Downton Abbey: Spare Change

Posted on February 02, 2015

Dowton-Abbey-Season-5-Episode-5-Television-Series-Review-Tom-Lorenzo-Site-TLOMichelle Dockery and Hugh Bonneville on PBS’ “Downton Abbey”


Hey! Did you know that, now that the War is over and we can see lady ankles everywhere, that means change is coming? And that’s a good thing, because this week (like every week at Downton Abbey since at least the sinking of the Titanic) everyone wants to talk about change! Everyone wants to state their own position on the subject of change! Daisy’s all for it! Edith’s all for it! Miss Bunting’s all for it! Robert is not for it but accepts it as an inevitability that he would like to control! Violet hates it! Spratt hates it! Cora’s all for cocktail parties! Mary wears hats!

We’ve been on this planet long enough to know that people never really speak accurately about the times they live in, if they ever manage to bring up the topic at all. The characters on Downton Abbey all represent one of the worst mistakes a writer can make when putting together a period piece: they all talk about the period as if they were looking back at it from far in the future. And because the period between the wars – especially for Europe – was a period of great social change, we get treated to a whole lot of unrealistic and clunky conversations that all but state “Let us discuss the theme of this series, shall we? Surprise! It’s change.”

But this has always been a feature of the show, this need to have the characters speak as if they’re reading from history books. It’s not going to change any time soon, but we sure wish Julian Fellowes would ease up a bit on the reins. We suspect “change” was used at least as many times as “the” in this week’s script.

We bring up the ever-present change conversations because we suspect their ubiquity is indicative of just how much Fellowes is coasting this season, letting the ease of the actors (who’ve been playing these characters for years now) and an array of costumes do most of the work of keeping us entertained. Think about it. What are the plots this season, now that we’re five episodes into it? Mary’s latest husband-hunt and bedding scandal just waiting to happen. Edith is obsessed with her baby and dead lover. Cora keeps flirting with some creepy dude. Robert is blustery and whiny but usually right about everything, from the lack of breeding found in Mr. Bricker to the correct way to honor the dead. Mrs. Patmore cries about her nephew. Daisy learns to count. Tom doesn’t feel at home at Downton Abbey, even as he dresses up happily in white tie every night for dinner. Mrs. Bunting is the latest horribly inappropriate working class person to grace the Abbey. Thomas sneers a lot and tries to be eeeeeevil. A Bates killed someone. Twist! It’s Anna this time!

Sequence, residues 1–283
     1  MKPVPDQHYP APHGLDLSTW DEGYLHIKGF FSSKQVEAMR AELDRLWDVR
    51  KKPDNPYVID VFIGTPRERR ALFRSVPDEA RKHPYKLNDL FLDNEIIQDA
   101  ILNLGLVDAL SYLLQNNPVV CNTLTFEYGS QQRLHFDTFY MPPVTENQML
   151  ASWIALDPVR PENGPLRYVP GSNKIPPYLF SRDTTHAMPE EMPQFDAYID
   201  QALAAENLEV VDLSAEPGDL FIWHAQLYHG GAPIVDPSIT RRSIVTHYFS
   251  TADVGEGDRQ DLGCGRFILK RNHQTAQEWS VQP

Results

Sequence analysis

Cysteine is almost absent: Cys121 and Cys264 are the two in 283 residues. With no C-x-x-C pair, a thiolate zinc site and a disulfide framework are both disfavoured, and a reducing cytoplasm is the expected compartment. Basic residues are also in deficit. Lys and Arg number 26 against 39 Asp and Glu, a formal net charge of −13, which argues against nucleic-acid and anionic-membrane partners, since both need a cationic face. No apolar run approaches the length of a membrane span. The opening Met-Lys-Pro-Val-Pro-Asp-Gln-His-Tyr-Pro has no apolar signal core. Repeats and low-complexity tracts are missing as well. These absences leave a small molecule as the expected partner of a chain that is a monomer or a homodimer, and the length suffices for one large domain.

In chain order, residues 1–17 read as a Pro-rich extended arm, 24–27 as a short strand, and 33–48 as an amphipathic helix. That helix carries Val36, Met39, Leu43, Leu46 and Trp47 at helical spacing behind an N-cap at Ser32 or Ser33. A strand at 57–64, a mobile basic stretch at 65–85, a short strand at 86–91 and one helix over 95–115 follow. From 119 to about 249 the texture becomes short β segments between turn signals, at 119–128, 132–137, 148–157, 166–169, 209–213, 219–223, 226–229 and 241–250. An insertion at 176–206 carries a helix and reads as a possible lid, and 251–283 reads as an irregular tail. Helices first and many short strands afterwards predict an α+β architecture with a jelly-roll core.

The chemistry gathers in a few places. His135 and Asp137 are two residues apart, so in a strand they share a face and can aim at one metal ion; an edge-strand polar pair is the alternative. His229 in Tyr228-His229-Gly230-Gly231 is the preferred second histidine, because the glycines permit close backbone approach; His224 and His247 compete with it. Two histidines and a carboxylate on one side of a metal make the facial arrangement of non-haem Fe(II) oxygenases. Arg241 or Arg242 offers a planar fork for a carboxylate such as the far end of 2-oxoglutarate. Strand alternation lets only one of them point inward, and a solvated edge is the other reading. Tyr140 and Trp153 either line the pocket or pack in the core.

There’s not a new or original plot element anywhere in there, let alone an interesting one. As we said before, the only two developments that spark any real interest in us are Isobel’s marriage proposal and the story behind Violet and Count Chocula. But given how he tends to resolve storylines (see: Miss Bunting, who has been all but exiled from the village of Grantham for life), we doubt either of these will wrap up in an interesting or game-changing way. Fellowes has quite clearly run out of things to say about most of these characters. It’s only the ease with which Maggie Smith can deliver a bitchy line or Michelle Dockery can take off a glove in a fit of pique that keeps this series afloat now. And what a shame that is; that one of the very best ensemble casts on television right now is being wasted this way.

But hey, we can shut our brains off as well as the next two people and the show still provides its moments of enjoyment, even if they’re much broader and more farcical than the show we were first introduced to back in season one. Is it high drama, having Robert and Mr. Bricker engage in a ridiculous fistfight in Cora’s bedroom while wearing silly costumes? No, and it doesn’t try to be, any more than it tries to be original about Rose’s meet-cute with a nice Jewish boy or Thomas’ slow change into a werewolf (or whatever it is that’s happening to him caused by whatever it is that he’s injecting into himself). Dolls in dollhouses. We keep saying it, and we’re sorry we keep saying it because we risk being accused of the same lack of originality Fellowes stands accused of, but it’s true. They’re just figures to be picked up and put down as the script requires.

So let Daisy rant about the system and how the man is keeping her down. Let Mary put on and take off accessories with panache and flair. Let Edith mope her way through life. This is the show. This is what you get. In a grand moment of irony, it just occurred to us that despite the need to constantly discuss change, this is one show determined not to.



[Photo Credit: Courtesy of (C) Nick Briggs/Carnival Film & Television Limited 2014 for MASTERPIECE]

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